Sunday, 30 June 2019

Loving Canada!

Some of the paintings that recently found homes. Original paintings by Tatjana Mirkov-Popovicki. Huge thanks to my collectors, galleries, and supporters!



Tomorrow, we celebrate Canada Day and this summer has special importance for me and my family. It marks twenty-five years since my husband and I emigrated from the former Yugoslavia and settled in Vancouver. A quarter of a century later, our love for this country keeps growing.

As you well know, I express my love for Canada in my paintings. I am sharing some of the pieces that recently found loving homes.

I feel fortunate and grateful to all the art lovers I've encountered on this journey!

Happy Canada Day!

Tatjana

Saturday, 15 June 2019

Re-purposing Supports

Sailing to Nakusp,  11x14, original painting by Tatjana Mirkov-Popovicki


Recycling and repurposing are increasingly important in our polluted world. Art studios are no exception. Here are a few ideas on how to give a second life to the used and abused painting supports.

The reusable supports that I utilize are mostly wooden stretchers, plywood boards, cradle panels, and loose gessoed canvas.




When I end up with a painting on canvas that just doesn't work and can't be saved, I remove the staples and discard the ruined canvas. If the stretcher bars still look sturdy, I re-stretch a fresh piece of gessoed canvas that I buy per yard in the art store. I used to buy raw canvas and apply gesso myself but I have abandoned this since it takes a huge amount of time and it's very messy.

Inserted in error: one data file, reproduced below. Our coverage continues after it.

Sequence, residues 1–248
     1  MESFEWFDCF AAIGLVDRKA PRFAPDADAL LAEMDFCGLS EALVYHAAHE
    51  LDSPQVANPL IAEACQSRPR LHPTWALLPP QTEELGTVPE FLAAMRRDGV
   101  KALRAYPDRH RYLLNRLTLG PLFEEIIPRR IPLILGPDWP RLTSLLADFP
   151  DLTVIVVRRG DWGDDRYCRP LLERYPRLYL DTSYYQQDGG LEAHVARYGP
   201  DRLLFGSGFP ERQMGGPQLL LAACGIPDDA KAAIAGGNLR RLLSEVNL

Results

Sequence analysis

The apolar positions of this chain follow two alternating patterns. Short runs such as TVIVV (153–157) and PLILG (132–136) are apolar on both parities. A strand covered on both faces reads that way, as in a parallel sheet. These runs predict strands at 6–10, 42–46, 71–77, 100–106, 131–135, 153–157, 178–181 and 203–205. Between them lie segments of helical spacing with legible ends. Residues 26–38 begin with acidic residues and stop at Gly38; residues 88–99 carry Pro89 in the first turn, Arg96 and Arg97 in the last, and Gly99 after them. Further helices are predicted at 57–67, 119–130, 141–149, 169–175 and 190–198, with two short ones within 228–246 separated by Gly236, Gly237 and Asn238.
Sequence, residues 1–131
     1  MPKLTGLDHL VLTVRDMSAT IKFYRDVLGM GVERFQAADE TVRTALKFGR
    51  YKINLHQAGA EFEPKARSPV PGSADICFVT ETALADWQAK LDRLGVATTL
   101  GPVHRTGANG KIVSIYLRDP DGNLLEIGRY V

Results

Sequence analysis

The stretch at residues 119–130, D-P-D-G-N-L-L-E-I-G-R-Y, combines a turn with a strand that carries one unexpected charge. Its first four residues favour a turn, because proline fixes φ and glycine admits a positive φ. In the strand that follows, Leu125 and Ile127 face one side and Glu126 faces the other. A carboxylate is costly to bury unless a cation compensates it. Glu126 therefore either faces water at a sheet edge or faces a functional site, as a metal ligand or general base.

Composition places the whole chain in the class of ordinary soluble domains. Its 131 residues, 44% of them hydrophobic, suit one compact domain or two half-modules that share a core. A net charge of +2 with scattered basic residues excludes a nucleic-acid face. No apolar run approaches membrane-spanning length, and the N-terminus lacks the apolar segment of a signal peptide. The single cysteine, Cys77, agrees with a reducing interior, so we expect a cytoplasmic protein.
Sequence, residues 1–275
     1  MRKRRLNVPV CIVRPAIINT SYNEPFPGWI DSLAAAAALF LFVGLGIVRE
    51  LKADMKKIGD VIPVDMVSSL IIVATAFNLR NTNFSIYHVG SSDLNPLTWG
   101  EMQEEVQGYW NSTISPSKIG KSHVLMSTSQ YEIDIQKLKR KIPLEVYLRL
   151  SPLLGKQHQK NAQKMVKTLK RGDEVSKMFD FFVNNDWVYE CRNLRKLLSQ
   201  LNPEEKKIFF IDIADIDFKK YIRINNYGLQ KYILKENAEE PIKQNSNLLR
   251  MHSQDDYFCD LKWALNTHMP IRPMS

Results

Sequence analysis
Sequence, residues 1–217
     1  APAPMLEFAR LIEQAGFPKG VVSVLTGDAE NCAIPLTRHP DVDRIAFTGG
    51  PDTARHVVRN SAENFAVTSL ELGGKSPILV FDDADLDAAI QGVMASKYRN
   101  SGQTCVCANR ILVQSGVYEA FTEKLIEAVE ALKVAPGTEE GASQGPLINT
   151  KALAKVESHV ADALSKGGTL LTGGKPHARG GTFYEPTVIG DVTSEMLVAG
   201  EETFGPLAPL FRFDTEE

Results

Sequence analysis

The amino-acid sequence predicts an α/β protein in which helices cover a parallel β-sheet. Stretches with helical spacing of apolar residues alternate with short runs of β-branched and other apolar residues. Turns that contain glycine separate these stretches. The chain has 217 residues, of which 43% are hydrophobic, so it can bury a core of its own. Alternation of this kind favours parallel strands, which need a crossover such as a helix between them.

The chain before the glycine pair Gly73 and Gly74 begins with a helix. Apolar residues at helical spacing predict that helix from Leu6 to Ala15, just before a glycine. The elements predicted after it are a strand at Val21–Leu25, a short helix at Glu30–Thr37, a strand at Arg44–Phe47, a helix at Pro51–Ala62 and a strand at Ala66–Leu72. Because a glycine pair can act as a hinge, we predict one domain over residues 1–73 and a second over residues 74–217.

Another great thing about this is that canvas remnants can be used too. I tape them onto a board like you would do with the watercolor paper. When I finish the painting, I remove the tape and at that point, there are several options for its finishing and presentation.





You can glue it (using acrylic medium) onto a plywood board that you can buy in a hardware store and have it cut in various sizes. These home-made panels are very easy to frame.

Another option is to glue them onto a cradled panel and in that case, they don't even need a frame. I noticed that the small square cradle panel paintings have become very popular in the last few years. They also look great in floating frames.





One more option is to glue small pieces of canvas on cardboard or some kind of sturdy paper, mat them and present them the way you would do with watercolour paintings.

If you perfect this craft of repurposing, you may end up with excellent supports, more versatile than those available in art stores. It takes some practice, care, good tools, and elbow grease, but it's so good to see a pile of refuse turn into a stack of good quality supports ready for new creations.





I hope you try this and come up with even more ideas for avoiding waste of materials and money in your own studio. If you do, please let me know!

Tatjana